Twitter rages: Murdoch's Times of London famine cartoon 'most offensive' thing yet?
An editorial cartoon in the Rupert Murdoch-owned Times of London is causing some outrage on Twitter.
July 21st, 2011
11:45 AM ET

Twitter rages: Murdoch's Times of London famine cartoon 'most offensive' thing yet?

If you thought the outrage over the phone-hacking scandal was starting to die down, The Times of London, one of Rupert Murdoch's own papers, may have brought it straight back into the spotlight.

An editorial cartoon published Thursday morning in the paper with the title "Priorities" shows starving people in Somalia saying "We've had a bellyful of phone-hacking ... " It's causing quite a firestorm on Twitter. You can access the newspaper's site here, but you won't be able to get past the pay wall without a subscription. The paper has not yet returned calls for comment.

The Guardian's Deputy Editor Katharine Viner (@KathViner) tweeted a link to a photo of the cartoon this morning and asked what people thought of it.

And boy, did she get a response. From regular citizens in the U.S. and UK, to politicians, media specialists and PR folks, the responses are rolling in at a mile a minute.

The responses generally fall in one of two directions: utter disgust or the notion that while the cartoon makes a point, having it come from a Murdoch-owned newspaper makes it just straight ridiculous. For some, it's being seen as an attempt to try to get readers to move away from the story and focus on something else.

The cartoon does come a day after the questioning of British Prime Minister David Cameron, who has also become a part of the phone-hacking story, during which several UK lawmakers argued that perhaps it was time to move on to more pressing issues.

Emma Gilbey Keller, who is married to New York Times Executive Editor Bill Keller and is a contributor to Vanity Fair Daily, had one of the most retweeted responses to the cartoon.

She tweeted the following: @EMMAGKELLER: "Anyone else wondering if this cartoon from today's London Times is part of the Edelman strategy?"

Keller is referring to the giant public relations firm that is now working with Murdoch and his team to try to repair their damaged image after the phone-hacking scandal.

There's been a lot said in the media and online about how the Murdoch empire has handled the scandal. In a post on media blog Mediaite about the cartoon, writer Alex Alvarez calls it a "tacky, potentially offensive cartoon" and says it probably isn't the right way to divert attention.

"There are several methods of dealing with a much-publicized scandal, some less advisable than others. Issuing a public apology for mistakes or poor judgment? Pretty much always a good idea. Holding individuals responsible for their roles and dealing with them accordingly? Usually works out pretty well," she writes. "Publishing a tacky, potentially offensive cartoon making light of serious allegations AND life-threatening poverty? Oddly enough, that rarely ever works."

She does, however, agree that more attention needs to be paid to the crisis in Somalia and elsewhere - and she's got a suggestion for what The Times of London may do to really make a statement about the issue.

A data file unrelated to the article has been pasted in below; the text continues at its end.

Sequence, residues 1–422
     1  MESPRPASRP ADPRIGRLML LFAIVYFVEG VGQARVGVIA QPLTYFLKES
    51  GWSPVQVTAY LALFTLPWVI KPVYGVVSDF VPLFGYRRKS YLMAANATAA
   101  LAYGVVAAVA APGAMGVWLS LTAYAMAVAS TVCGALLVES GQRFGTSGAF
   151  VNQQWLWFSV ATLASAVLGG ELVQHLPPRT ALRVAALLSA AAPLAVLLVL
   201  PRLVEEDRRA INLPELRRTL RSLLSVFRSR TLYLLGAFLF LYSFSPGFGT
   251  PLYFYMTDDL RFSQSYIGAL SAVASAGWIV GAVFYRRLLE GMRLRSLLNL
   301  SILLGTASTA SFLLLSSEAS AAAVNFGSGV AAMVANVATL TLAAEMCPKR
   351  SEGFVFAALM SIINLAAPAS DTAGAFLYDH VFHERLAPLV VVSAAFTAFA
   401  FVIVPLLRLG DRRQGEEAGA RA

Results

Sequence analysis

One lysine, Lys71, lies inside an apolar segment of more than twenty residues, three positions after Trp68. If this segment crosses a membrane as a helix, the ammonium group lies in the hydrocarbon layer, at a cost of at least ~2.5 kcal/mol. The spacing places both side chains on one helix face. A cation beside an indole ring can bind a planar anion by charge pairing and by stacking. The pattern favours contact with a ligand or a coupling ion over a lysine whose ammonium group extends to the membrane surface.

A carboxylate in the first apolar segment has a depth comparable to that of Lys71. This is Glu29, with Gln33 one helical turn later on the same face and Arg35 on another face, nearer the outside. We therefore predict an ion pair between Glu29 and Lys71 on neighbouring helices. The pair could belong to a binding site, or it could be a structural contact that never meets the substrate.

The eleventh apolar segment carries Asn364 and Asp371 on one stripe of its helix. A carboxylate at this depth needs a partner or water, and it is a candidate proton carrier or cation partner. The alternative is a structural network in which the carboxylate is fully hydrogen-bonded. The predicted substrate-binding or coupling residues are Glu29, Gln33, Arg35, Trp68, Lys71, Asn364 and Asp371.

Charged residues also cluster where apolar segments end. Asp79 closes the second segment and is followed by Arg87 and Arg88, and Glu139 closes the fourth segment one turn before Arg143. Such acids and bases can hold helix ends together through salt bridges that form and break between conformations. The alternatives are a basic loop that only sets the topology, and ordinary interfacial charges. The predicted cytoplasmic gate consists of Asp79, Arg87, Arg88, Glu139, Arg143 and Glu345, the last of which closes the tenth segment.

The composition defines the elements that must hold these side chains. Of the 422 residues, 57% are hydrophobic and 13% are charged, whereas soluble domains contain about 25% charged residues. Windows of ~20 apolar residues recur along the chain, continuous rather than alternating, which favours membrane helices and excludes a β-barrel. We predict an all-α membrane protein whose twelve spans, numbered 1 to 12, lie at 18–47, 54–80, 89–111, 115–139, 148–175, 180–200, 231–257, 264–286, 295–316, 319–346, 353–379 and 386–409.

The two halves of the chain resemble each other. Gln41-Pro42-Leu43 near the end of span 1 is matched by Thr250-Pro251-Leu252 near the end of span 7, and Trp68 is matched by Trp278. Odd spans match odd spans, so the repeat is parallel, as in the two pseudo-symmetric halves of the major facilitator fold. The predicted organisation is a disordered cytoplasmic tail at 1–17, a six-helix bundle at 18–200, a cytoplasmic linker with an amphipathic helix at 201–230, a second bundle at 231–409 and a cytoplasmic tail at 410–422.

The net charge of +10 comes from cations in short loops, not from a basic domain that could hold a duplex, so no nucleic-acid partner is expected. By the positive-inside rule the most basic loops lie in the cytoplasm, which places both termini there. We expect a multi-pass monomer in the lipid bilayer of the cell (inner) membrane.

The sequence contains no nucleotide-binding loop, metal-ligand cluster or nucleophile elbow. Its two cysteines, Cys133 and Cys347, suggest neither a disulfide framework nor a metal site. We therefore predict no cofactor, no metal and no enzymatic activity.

"We agree that eradicating childhood hunger is still a global priority and that outlets diligently, even obsessively, covering the phone hacking scandal were probably not devoting too many headlines to the plight of starving, saucer-eyed children in the first place? Although, hey. Maybe the Times of London can change the tide by donating to charities fighting to end hunger, or devoting an issue to poverty instead of offering up condescending, out of touch editorials that only work to reflect poorly on its already beleaguered employer."

And there is indeed a major problem in Somalia. The president has issued an urgent appeal for international aid as his drought-stricken country faces a famine that has left half of the population in dire need.

Anna Holmes, founder of the popular news blog, which caters to women, acknowledged in response to someone else that she believes there's truth in the cartoon that the famine news has been buried. But she tweeted (@AnnaHolmes) "the media/public can walk and chew gum at the same time. They can talk about hacking *and* famine."

Ryan Bourne, an economic and statistical researcher at the UK Centre for Policy Studies, tweeted (@RyanCPS) "I know the point The Times are getting at, but I find this cartoon very distasteful."

Was it an attempt to guilt-trip readers into changing their focus? Political Scrapbook, a political blog, tweeted (@psbook) that the cartoon was an attempt to tell us to "move on," and in an post on its site, it said "the third and most tasteless prong of resistance has come from a graphic in The Times depicting children in Somalia, suggesting that talking about phone hacking has prolonged their starvation. No one is stopping The Times covering both stories."

Jeff Jarvis, well-known media critic, journalism professor and creator of the BuzzMachine blog, (@jeffjarvis) simply tweeted:  "Good God. Murdoch's troops no bounds" in response to Viner's search for feedback on the cartoon.

Others, like Tim Karr, campaign director of the Free Press, a media reform group, called it "shameless." A lengthy search through the responses finds similar synonyms and sentiments, including that it was "brutal."

One of the most retweeted comments in response to Emma Gilbey Keller's tweet was from (@TeresaKopec), who said the "Cartoon in Murdoch's London Times may be most offensive thing they've done yet."